speak of one another as Jane or Jones 
in general conversation it is Miss 
Blank and Mr. Jones. 

IV. Can we apply good taste to 
our surroundings, our rooms? Cer- 
tainly. Each one of us has practi- 
cally made a little home for the year 
here at college. Ought we to learn 
anything from it concerning the fur- 
nishing of more permanent homes in 
the future? I think so. What do 
you like — flashy draperies, an ac- 
cumulation of useless ornaments, 
walls, covered with numerous 
clashing pictures? If you do, your 
choice later will probably run to ov- 
erdecorated, gaudily upholstered fur- 
niture, garish carpets, glaring wall 
paper. Why not learn to appreciate 
the beauty and restfulness of the 
simple, the plain, and of the sub- 
stantial ? Set your mind against the 
cheapness of ornamentation and find 
your enjoyment in properly propor- 
tioned lines, in honesty of workman- 
ship, and in excellence of material. 
One English poet and artist of no 
mean ability in the latter half of 
last century did not think it beneath 
his dignity to turn into a practical 

craftsman in order to educate the 
public along that line. It is largely 
due to the efforts of Wm. Morris, 
that we in America, are at last wak- 
ing up to this phase of good taste, 
to a realization that simplicity is the 
height of art. 


(To be continued in next issue.) 


The following Christmas program 
was rendered in Music Hall on Tues- 
day evening, Dec. 21: 

Anthem — Arise, Shine Porter 

Piano Solo — The Palms. .. .Leyback 

Miss Elizabeth Kline 
Mixed Quartet — Bright and ; Joyful 

is the Morn . .Williams 

Misses Kline, 
Messrs. Wampler, Glasmire. 

Anthem — Tarry With Me Davis 

Piano Soli — 

a. Waltz Impromptu . . Rathbirn 

b. (Selected.) . . . Schwarwenka 

Miss Smith. 
Vocal Solo — Come Unto Me, Wooler 

Miss Annie Kline. 
Piano Soli — 

a. (Selected.) Chaminade 

b. The Flatterer ....Chaminade 

Miss Withers. 

Vocal Solo — The Legend Mager 

Miss Mary Markley. 
Anthem — There Were Shepherds, 

Vocal Soli — 

a. Crossing the Bar. . . . Behrend. 

b. Open the Gates ....... Knapp. 

Wm. E. Glasmire. 
Piano Duet — El Ti'ocadero, 

Miss Wampler, Miss Sheaffer.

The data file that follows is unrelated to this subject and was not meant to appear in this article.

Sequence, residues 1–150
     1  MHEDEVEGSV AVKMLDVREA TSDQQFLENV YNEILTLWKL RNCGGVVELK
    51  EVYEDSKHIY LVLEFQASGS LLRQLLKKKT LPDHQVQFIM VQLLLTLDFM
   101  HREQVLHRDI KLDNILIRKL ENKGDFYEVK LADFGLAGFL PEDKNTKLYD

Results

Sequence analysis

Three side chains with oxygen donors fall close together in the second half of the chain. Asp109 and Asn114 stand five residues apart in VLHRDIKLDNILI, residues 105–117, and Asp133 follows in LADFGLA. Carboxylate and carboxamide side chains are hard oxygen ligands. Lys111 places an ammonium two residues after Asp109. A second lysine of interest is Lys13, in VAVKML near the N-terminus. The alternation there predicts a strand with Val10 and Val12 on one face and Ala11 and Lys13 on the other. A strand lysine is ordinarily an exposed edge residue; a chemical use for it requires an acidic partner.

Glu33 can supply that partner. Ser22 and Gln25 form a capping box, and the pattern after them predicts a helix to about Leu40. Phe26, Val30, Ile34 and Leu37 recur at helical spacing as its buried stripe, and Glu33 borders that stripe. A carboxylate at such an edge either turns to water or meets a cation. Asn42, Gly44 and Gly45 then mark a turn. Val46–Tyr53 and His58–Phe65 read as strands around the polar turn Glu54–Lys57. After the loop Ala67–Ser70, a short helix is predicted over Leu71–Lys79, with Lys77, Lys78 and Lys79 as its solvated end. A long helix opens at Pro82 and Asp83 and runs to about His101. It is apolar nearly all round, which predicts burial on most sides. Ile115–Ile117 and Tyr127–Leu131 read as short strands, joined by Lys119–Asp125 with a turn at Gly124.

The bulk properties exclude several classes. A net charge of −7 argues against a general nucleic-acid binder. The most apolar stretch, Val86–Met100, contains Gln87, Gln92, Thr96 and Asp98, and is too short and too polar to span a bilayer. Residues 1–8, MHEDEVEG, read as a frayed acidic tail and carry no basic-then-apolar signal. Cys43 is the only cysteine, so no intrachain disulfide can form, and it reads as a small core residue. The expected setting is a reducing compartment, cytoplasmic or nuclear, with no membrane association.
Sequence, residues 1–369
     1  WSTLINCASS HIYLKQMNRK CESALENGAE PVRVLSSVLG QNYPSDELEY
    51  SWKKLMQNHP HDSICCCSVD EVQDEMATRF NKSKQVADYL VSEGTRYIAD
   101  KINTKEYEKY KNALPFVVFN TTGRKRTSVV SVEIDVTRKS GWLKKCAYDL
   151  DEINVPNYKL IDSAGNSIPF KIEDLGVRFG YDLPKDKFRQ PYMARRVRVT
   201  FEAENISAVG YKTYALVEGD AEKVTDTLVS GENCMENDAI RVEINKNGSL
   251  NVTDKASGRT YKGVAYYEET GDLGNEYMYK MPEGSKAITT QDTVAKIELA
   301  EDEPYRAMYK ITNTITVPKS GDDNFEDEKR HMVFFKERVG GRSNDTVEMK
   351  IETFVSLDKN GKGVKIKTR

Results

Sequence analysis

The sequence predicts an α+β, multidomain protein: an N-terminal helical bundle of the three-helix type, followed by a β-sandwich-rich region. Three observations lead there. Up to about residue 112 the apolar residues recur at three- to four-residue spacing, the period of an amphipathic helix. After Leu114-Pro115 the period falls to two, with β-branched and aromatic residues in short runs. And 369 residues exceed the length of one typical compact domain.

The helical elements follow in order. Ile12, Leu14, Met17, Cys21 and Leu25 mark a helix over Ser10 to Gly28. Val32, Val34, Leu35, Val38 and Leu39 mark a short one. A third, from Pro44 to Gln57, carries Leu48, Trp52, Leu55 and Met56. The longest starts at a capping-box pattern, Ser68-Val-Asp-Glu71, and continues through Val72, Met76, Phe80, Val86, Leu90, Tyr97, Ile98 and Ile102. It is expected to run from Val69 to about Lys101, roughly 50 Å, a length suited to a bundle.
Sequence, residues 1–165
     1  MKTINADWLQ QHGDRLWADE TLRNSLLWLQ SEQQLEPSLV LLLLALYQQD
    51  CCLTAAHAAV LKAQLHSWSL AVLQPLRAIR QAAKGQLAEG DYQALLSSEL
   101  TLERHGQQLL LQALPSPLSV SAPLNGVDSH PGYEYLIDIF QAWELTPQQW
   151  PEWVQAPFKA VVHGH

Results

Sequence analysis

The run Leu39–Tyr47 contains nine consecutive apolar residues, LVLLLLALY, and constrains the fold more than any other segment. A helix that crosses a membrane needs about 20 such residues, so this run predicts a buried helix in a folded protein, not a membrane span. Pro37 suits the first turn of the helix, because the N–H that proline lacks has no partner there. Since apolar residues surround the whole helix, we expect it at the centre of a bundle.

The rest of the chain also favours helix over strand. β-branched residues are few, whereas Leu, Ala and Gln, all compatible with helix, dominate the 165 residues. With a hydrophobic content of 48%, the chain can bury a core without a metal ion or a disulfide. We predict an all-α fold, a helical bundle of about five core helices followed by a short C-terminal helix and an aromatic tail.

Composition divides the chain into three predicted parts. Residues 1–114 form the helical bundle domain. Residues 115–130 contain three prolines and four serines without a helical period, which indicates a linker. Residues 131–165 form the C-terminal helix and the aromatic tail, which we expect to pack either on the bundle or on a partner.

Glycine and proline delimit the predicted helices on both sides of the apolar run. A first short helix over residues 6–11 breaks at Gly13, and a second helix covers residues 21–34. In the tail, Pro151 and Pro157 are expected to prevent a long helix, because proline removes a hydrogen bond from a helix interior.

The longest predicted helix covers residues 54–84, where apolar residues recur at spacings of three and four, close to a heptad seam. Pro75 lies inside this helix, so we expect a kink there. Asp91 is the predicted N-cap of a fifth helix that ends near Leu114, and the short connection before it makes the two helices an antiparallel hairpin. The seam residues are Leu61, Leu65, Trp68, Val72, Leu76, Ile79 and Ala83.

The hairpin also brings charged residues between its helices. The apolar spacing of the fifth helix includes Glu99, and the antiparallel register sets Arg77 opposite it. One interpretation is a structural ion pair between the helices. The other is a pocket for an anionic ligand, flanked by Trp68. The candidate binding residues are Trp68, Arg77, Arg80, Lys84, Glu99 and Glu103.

Vocal Solo — Child of Bethlehem, 

B. F. Wampler. 
Piano Quartet — March and Soldier's 
Chorus "Faust," Gounod. 


Mrs. Wampler, Misses Shcaffer, 
Withers, Kline. 
Vocal Solo — The Ninety and Nine, 

Miss Elizabeth Kline. 
Anthem — The Star of Bethlehem, 

This program was well rendered 
and was much appreciated by the au- 


"Genius, that power which dazzles 
mortal eyes. 

Is oft but Perseverance in dis- 
guise." — College Rays. 

"Wisdom means wise action and 
wise action means virtue. Virtue, 
tne good, inseparable from the beau- 
tiful is the end and aim of life." 

— Hebron Star. 

"Procrastination is the thief of 
time." — The Purple and Gold. 

"It is impossible for that man to 
despair who remembers that his help- 
er is Omnipotent." — The Albright 

We gratefully acknowledge the 
following other exchanges: Linden 
nail Echo, The Ursinus Weekly, The 

Our College Times desires the 
courtesy of an acknowledgment 
from her exchanges. D. P. R. 

According to statistics given in the 
souvenir hand-book published by the 
Pennsylvania State Sabbath School 
Association, there were only three 
teacher-training classes in Lancaster 
County last year whose members pas- 
sed the State examination. Among 
these the class at our College taught 
by Miss Haas was the largest. It 
consisted of the following: W. K. 
Gish, Emma Miller, M'ary E. Myers, 
Olive A. Myers, Grace Rowe, J. D. 
Reber. Leah M. Sheaffer and Eliza- 
beth Souders Schlosser. 


Society Notes. 

On Friday evening, Dec. 10, the 
Keystone Literary Society held its 
regular session. The program con- 
sisted of, — Music by the Mixed Quar- 
tette, 2. Declamation, Paul Johnson. 

3, Debate, Resolved: That women re- 
formers have influenced modern so- 
ciety more than men reformers. Af- 
firmative speakers were, Kathryn 
Mover, Daisy Rider; Negative, Isaac 
Wampler and R. W. Schlosser. 4, 
Literary Jumble, Edna Good. 5, 
Recitation, Maud Hertzler. The 
program for Dec. 17 was patriotic in